IMPROPERLY DRILLED WELL IS “PROPERTY DAMAGE” AND CREATES DUTY TO DEFEND, NO EXTRINSIC EVIDENCE CONSIDERED TO DETERMINE DATE DAMAGE OCCURRED
A San Antonio federal magistrate judge recently examined the duty to defend and the limits of the eight-corners rule when it comes to pleading an occurrence potentially within the policy period. Bitco Gen. Ins. Corp. v. Monroe Guar. Ins. Co., SA18CV00325FBESC, 2019 WL 3459248 (W.D. Tex. July 31, 2019) (slip op.) involved allegations that an irrigation well drilled into the Edwards Aquifer was improperly drilled and became useless. The pleading against the insured mentioned the date the parties initially contracted to drill the well and the date the insured invoiced the claimant for its services, but no other dates of any of the events complained of. In this coverage suit, the insurer argued it had no duty to defend, and sought to introduce extrinsic evidence proving the property damage complained of occurred before its policy period.
The insurer sought to pierce the eight-corners rule and introduce additional evidence showing the parties had stipulated the drill bit became stuck on a date before the insurer’s policy inception date. The magistrate judge recognized the limited exception to the eight-corners rule that has been hinted at by the Supreme Court of Texas and openly acknowledged by some other courts, but concluded that in this case, the extrinsic evidence could not be considered because it only established the date the drill bit became stuck and was not dispositive of the coverage issue. There were other allegations of wrongdoing by the insured that resulted in property damage, and the extrinsic evidence offered did not resolve when those occurred. Therefore, the court rejected the extrinsic evidence and worked solely from the dates mentioned in the petition and the date suit was filed against the insured. The magistrate judge concluded the property damage could have occurred at any time in that interval, and the interval included the insurer’s policy period, triggering a duty to defend.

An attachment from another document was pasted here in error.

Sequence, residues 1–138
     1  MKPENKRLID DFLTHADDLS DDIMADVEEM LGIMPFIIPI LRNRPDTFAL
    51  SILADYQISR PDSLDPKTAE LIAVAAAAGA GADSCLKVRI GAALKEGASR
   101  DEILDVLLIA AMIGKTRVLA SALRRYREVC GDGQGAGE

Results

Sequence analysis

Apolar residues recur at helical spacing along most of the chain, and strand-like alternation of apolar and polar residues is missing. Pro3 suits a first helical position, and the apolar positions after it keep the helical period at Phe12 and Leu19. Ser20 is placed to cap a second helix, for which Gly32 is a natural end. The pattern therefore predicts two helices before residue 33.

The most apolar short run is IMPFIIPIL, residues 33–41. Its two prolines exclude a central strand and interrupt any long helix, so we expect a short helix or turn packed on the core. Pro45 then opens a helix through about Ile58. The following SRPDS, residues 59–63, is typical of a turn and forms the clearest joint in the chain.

The magistrate judge then went on to reject the insurer’s contention that the improperly drilled well was excluded by Exclusion J. Because there were allegations the insured’s actions had damaged not only the well, but also the Edwards Aquifer itself, the allegations went beyond any exclusion pertaining to the insured’s work or damage to property the insured had worked on.
Editor’s Note: This result is consistent with existing Texas law suggesting that as a general rule, “less is more” when drafting a pleading that will trigger an insurer’s duty to defend, at least when it comes to pleading dates. Savvy attorneys looking for coverage to fund their clients’ claims generally include few or no dates in their pleadings, in the hope of triggering multiple insurers to join the defense. However, pleading gamesmanship cannot create a duty to indemnify, and the parties in this case recognized that point of law. But sometimes, the gamesmanship can bite you…